Author: Nicholas Godfrey
The championships, Sydney racing’s flagship event, takes place over the first two Saturdays in April with a plethora of lavishly endowed Group races at the city’s showpiece venue Randwick. Everything kicked off last weekend with four Group Ones headed by the time honoured Doncaster Mile and a stellar renewal of the TJ Smith Stakes, rapidly becoming established as Australia’s top sprint. Between them, they rendered the nation’s senior Classic, the Australian Derby, as almost a third level attraction. That’s how good it was. However, there is an even bigger attraction due up on Saturday when the mighty Winx has the final start of her career as she bids to complete a hat-trick with a hometown farewell in the Queen Elizabeth Stakes.
And guess what? Winx may not be running until this coming weekend, but she even managed to overshadow last weekend’s top class fare when she showed up at Randwick for an exhibition gallop. Hugh Bowman partnered her over 1000m (5f) for a workout described as ‘perfect’ by trainer Chris Waller, who needs just two further Group One successes to hit the century at the top level. Her final 600m were clocked at an amazing 34.67s, faster than anything on the card at Randwick. Including the sprinters! She was due to have her final piece of work on Tuesday before Saturday’s race, when Randwick, granted official dispensation to call itself Royal Randwick since the 1970s, though almost nobody does apart from marketing people, will be turned into a ‘Winxy Wonderland’ for the day.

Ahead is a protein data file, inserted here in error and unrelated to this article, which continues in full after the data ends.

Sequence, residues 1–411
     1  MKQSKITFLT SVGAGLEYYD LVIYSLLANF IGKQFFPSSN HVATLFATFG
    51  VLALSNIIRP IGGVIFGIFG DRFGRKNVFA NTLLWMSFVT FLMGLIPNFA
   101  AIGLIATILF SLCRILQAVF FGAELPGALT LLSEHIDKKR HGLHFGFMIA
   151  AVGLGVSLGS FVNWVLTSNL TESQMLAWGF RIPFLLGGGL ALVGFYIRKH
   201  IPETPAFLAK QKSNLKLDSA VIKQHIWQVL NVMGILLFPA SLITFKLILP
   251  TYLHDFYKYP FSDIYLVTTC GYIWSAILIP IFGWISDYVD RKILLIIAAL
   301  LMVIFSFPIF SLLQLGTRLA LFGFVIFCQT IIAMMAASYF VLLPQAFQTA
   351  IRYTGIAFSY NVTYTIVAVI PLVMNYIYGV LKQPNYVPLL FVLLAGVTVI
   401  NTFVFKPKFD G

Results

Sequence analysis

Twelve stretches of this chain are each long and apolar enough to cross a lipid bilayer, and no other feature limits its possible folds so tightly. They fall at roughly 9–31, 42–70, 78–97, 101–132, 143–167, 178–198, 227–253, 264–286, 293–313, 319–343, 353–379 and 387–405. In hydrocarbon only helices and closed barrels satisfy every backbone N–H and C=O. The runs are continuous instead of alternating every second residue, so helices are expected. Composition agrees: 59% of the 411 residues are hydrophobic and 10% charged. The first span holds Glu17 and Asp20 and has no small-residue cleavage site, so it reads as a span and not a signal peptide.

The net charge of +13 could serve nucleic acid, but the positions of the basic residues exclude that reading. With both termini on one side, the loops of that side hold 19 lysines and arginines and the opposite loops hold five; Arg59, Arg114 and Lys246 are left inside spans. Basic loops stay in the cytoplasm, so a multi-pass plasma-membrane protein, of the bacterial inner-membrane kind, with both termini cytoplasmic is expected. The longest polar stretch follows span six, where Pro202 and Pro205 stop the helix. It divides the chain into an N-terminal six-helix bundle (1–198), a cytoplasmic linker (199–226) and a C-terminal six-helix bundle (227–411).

They had Winx beer at Moonee Valley in Melbourne when she completed her Cox Plate four timer in October; they have Winx cocktails at Randwick, where a Winx ‘Welcome Wall’ will greet racegoers for bespoke photo keepsake moments. Winx T-shirts and caps are on sale for A$30 and A$15 respectively, with stubby holders (useful receptacles for holding bottles of beer) at A$5; commemorative pins go for the same price. Racegoers are also promised a ‘Winx hype reel’, whatever that might be. Perish the thought of defeat for the nation’s darling but any such unwelcome scenario looks fairly unlikely given that her Waller-trained stablemate, the star 3yo The Autumn Sun, won’t be showing up, with thoughts of Royal Ascot hopefully on the horizon.
Godolphin’s Avilius, who last weekend completed the Ranvet and Tancred Stakes double, has also been ruled out, which means opposition might be thin on the ground. The Sir Mark Todd-trained He’s Eminent, just ‘Eminent’ when trained in Britain by Martyn Meade, looks the most serious threat but frankly, Winx’s partowner Debbie Kepitis sounds as if she can’t wait for it to be over. “The Queen Elizabeth is the last race in her campaign, I try not to say the term ‘farewell race’,” she told the Sydney Morning Herald. “When she passes that winning post I will feel total relief. That’s what it has become lately. There’s huge tension and you get worried things won’t go the way everyone else wants them to go. “Win lose or draw, this horse has been amazing,” she went on. “The record stands on its own. We’ve had such an amazing run.”
Nobody will be complaining if the Queen Elizabeth proves little more than a lap of honour for the seemingly invincible mare, sure to start long odds on as she seeks to extend her celebrated winning streak to 33 in the A$4 million highlight, the most valuable contest across two racecards that both sit comfortably in the Top Ten of the world’s richest racedays, comfortably headed by Dubai World Cup night, of course. There is a total of A$21m up for grabs altogether as The Championships were launched in 2014 as a cash laden attempt to showcase Sydney’s racing to a wider audience. Or, more specifically, to catch up with Melbourne. Ah yes, Melbourne: if several of the caricature stereotypes about ‘Sydneysiders’ are blatantly inaccurate; they don’t all hate the English and they aren’t all boorish yahoos, then one particular cliché still rings resoundingly true.